World Travel Watch: Air Travel Woes in Canada, Volcano Tourists in the Philippines and More
World Travel Watch: Larry Habegger rounds up global travel news
12.30.09 | 1:08 PM ET
World Travel Watch is a weekly report designed to help you make informed judgments about travel. Conditions can change overnight, so always make your own inquiries before you leave home. The U.S. State Department and embassies or consulates are good places to start.
Canada: Carry-On Bags Restricted for All U.S.-Bound Flights
Canadian officials banned most carry-on luggage for flights to the U.S. in an effort to reduce backlogs at security checkpoints. Since the Christmas Day attempt to explode a smuggled bomb on a flight from Amsterdam to Detroit, tightened security at Canadian airports has thrown air service into chaos, with dozens of flights canceled or delayed. Security checks in Toronto took as long as three hours to clear because all passengers were given pat-down searches and all carry-ons were inspected by hand. Transport Canada, the government agency that regulates civil aviation, announced Dec. 28 that passengers would be allowed to carry on only a limited list of articles, including medical devices, small purses, cameras, laptop computers, canes, walkers, diaper bags, musical instruments and “life-sustaining items.” Police were called in to assist with security checks at airports in Toronto, Montreal, Calgary and Edmonton. Officials expected the measures to remain in place for at least several days, most likely into the new year.
China: Government Lifting Restrictions on Internet Access, Text Messages, Phone Calls
Authorities are easing restrictions on internet access, text messaging and international phone calls in Xinjiang province after isolating the region during and after ethnic unrest in July. The lifting of the communications shutdown began Dec. 28 and will continue gradually, starting first with opening parts of the web sites for the official Xinhua news agency and the People’s Daily newspaper, and moving on to restoring access to other web sites, internet services, text messaging and international long-distance phone services.
El Salvador: Crime Threat “Critical,” U.S. Embassy Says
In a message issued Dec. 23, the U.S. Embassy in San Salvador stated that “the crime threat in El Salvador is critical,” citing ongoing street gang activity and random and organized crime that includes extortion and kidnapping. U.S. citizens have not been singled out, but are subject to the same threat facing everyone in El Salvador. The Embassy encourages all visiting and resident Americans to refrain from “broadcasting” information about family members or travel plans to reduce the risk of becoming targets.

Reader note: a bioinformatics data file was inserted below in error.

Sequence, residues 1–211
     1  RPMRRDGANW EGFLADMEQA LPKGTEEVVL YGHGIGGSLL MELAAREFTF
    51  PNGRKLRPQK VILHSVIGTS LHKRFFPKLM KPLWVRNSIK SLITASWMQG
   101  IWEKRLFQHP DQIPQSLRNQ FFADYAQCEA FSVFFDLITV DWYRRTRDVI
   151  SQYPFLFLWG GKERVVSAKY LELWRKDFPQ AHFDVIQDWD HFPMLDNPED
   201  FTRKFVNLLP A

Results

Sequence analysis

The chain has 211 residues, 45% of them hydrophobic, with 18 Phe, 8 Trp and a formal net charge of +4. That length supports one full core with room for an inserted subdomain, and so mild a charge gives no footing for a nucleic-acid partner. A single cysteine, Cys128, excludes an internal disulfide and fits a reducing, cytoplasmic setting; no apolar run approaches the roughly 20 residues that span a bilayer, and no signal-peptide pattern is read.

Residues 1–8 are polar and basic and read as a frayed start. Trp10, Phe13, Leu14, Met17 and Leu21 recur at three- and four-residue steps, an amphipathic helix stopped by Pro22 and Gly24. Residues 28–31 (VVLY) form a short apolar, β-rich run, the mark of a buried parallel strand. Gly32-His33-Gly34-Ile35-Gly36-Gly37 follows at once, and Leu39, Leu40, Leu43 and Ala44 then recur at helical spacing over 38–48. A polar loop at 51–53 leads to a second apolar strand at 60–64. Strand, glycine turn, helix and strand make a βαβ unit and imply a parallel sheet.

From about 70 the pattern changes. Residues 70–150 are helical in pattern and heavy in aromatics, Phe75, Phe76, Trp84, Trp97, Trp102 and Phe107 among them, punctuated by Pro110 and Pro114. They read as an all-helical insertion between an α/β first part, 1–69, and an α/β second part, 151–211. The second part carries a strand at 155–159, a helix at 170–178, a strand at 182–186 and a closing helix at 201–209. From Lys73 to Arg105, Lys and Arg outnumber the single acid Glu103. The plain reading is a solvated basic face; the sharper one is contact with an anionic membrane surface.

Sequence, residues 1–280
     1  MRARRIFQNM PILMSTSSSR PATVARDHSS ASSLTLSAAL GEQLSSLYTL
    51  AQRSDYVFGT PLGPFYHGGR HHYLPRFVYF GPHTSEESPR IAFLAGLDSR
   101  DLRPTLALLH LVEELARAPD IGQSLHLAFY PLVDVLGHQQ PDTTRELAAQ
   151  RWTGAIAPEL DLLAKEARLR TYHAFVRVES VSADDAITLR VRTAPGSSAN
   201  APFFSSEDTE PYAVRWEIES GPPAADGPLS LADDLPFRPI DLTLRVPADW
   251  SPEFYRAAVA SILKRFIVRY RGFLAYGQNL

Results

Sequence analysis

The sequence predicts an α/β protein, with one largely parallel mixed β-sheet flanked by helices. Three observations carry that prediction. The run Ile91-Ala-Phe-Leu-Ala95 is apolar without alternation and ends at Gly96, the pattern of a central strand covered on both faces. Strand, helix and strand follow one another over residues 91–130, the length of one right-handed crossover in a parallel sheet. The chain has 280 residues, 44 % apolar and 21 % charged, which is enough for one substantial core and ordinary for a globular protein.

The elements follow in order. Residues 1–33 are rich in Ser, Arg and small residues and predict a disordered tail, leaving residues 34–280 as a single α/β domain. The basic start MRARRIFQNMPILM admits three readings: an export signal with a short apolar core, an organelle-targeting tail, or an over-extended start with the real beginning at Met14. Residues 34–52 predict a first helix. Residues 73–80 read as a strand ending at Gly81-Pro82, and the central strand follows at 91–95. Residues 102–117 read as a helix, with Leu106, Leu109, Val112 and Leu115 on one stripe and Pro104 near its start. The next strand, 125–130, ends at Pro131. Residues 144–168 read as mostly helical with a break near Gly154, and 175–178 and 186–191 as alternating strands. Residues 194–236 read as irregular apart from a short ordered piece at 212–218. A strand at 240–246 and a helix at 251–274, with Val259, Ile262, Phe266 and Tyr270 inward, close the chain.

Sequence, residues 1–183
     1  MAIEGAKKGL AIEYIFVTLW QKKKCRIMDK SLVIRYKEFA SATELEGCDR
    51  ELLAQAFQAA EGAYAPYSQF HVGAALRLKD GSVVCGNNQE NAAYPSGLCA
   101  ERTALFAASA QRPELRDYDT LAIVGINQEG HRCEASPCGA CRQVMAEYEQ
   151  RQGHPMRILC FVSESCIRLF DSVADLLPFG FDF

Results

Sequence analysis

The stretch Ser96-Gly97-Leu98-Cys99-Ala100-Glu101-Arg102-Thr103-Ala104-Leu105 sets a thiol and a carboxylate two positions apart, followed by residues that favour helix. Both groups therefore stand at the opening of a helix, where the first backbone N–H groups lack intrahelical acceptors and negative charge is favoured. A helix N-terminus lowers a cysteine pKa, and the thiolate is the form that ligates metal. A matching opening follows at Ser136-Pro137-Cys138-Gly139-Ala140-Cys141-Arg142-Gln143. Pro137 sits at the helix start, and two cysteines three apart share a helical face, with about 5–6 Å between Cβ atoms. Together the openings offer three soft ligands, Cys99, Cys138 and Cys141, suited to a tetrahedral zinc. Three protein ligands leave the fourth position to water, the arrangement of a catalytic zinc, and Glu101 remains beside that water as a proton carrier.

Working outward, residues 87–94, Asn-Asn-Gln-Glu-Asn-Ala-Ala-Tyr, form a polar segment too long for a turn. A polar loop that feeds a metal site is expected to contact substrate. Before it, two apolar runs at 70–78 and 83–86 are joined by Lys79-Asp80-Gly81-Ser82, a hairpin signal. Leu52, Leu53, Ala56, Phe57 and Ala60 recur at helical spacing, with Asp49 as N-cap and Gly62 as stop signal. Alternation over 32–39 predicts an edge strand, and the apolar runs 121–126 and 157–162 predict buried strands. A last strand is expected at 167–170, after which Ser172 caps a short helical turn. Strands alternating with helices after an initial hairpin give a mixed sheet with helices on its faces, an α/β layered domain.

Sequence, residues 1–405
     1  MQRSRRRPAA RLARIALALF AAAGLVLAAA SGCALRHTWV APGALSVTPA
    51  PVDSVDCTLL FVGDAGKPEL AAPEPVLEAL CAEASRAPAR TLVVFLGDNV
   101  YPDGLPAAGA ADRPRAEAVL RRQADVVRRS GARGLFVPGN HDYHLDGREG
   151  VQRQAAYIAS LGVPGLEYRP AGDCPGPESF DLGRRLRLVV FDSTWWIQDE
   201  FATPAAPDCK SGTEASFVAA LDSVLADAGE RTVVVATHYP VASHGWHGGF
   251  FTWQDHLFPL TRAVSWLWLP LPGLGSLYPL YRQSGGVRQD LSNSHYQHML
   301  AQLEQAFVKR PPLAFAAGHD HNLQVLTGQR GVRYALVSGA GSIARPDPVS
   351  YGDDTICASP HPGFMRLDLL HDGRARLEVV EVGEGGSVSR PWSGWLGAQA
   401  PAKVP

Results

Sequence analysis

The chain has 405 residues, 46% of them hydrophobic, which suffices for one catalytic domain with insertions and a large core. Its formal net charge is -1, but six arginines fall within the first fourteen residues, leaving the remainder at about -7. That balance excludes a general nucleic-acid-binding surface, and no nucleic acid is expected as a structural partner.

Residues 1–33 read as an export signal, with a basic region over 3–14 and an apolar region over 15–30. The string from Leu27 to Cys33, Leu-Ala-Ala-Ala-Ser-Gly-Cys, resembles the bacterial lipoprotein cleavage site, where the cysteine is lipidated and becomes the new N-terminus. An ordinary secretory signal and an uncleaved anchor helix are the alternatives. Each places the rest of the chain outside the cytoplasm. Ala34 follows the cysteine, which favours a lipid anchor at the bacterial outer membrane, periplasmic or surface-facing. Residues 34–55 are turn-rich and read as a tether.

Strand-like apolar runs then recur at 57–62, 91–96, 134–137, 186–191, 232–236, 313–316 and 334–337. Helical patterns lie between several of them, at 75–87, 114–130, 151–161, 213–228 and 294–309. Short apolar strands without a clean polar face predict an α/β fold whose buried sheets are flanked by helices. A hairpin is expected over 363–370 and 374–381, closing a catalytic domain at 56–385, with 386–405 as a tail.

Philippines: Police Cracking Down on Volcano Tourists
Authorities have begun cracking down on tourists venturing into the danger zone around erupting Mayon volcano near Legazpi City on Luzon island. Disaster officials ordered military officers to arrest anyone caught inside the five-mile-radius forbidden zone, where enterprising locals have been said to be renting all-terrain vehicles to tourists so they can get closer to the rumbling mountain. Soldiers manned additional checkpoints and set up roadblocks on side roads to stop tourists from slipping in. Tens of thousands of people have fled their homes around the volcano that has been spewing ash and leaking lava for weeks. Volcanologists said the volcano could have an explosive eruption any day.
Russia and Georgia: Agreement to Reopen Border Crossing Marks Political Thaw
These two countries that fought a brief war in August 2008 have agreed to reopen a border crossing that has been closed for three years. The Verkhny Lars crossing is on the only highway between the two countries that does not go through the breakaway provinces of Abkhazia and South Ossetia, where most of the fighting occurred. The opening is scheduled for March. Direct flights between the two countries may be reinstated soon.